At a turning point for the Indian military, the Supreme Court said today that female army officers can hold command positions on par with male officers, and claimed that the government's arguments against it were "discriminatory," "disturbing," and stereotypical. The judgment must be implemented within three months.
Simply described, a woman, like her male counterparts, can rise to the rank of colonel and higher because of her merits.
In the rank of colonel, an officer takes over a substantive command and is commissioned to take over our independent tasks. A colonel commands a battalion, which typically consists of 850 men. An officer who is successful in this position could technically advance to the top ranks of the army, although female officers are currently not included in combat weapons such as infantry, artillery or tank corps.
The Supreme Court said that even women who have served in the Army Short Service Commission (SSC) for more than 14 years can have the option of a permanent commission. "We see no reason not to provide a permanent commission to those who have been in service for more than 14 years," the court said, noting that the Centre's policy of only considering women under 14 years of age has a " fundamental error "shows constant commission. The directive must apply equally to all female officials, regardless of years of service, the court said.
The court said the army could not differentiate between men and women by suppressing the apparent gender bias that has been propagated for years.
"It is against their dignity and against the country to voice gender issues. It is time that female officials are not tied to their male counterparts," the court said.
It also rejected the Centre's arguments about physiological limitations and "social norms" because it had refused to keep female officials on permanent terms, and called it unsettling.
"Physiological characteristics of women are unrelated to their rights. The mindset must change," said judges DY Chandrachud and Ajay Rastogi in their landmark decision. It was said to be irrational and against the right to equality to give women a command in the army.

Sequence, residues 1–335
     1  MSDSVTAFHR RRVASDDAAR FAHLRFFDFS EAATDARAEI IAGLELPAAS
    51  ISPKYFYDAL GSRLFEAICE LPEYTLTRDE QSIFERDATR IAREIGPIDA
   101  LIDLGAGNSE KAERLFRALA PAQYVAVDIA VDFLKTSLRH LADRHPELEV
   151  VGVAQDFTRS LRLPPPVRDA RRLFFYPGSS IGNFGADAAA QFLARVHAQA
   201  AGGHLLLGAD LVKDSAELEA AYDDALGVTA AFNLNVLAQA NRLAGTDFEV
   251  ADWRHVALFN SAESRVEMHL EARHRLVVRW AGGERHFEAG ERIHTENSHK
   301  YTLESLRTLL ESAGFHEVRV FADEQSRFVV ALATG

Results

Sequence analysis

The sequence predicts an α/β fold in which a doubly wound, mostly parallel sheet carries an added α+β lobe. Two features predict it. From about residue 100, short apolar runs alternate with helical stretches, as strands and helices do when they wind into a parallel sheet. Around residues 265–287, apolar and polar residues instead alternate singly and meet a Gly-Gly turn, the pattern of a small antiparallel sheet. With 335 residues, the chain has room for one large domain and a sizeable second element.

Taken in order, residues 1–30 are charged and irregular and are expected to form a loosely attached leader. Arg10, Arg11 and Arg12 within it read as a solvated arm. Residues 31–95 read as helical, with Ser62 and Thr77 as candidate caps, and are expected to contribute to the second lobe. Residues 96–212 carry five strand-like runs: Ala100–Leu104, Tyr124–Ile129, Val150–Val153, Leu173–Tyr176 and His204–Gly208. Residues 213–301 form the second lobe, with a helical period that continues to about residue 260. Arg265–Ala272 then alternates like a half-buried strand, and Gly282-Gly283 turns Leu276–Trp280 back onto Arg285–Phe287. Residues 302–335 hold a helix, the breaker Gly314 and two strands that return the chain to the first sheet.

The government had informed the Supreme Court that "troops are not yet mentally trained to accept female officers as commanders of units" because they "are predominantly from rural areas."
"Women work shoulder to shoulder with men. The center's submission is based on gender discrimination and stereotypes. Army officers brought laurels to the county," said the Supreme Court, referring to female officers who would have made the country proud.
The court found that the petitioners had counteracted the government by arguing about women's physical abilities, base composition, and psychological realities. These "must be rejected with the contempt they deserve," said the judges.
Currently, female officials can work for the Short Service Commission for 10 to 14 years. Female officers may join the Army Service Corps, Ordnance, Education Corps, Advocate General, Engineers, Signals, Intelligence, Electrical Engineering, and Mechanical Engineering branches.
There is no way to allow women in combat roles such as infantry, armored, mechanized infantry, aviation, and artillery.
The Indian Air Force and Navy also place a permanent order on female officers, although both have opened some combat roles for women. The Air Force allows women to serve as officers in flight and ground duty. IAF Short Service Commission (SSC) officials fly helicopters, transport planes, and now even fighter jets.
In the Navy, female officers who have been accepted by SSC are approved in the areas of logistics, law, observers, air traffic control, reconnaissance pilots and the naval armaments inspectorate.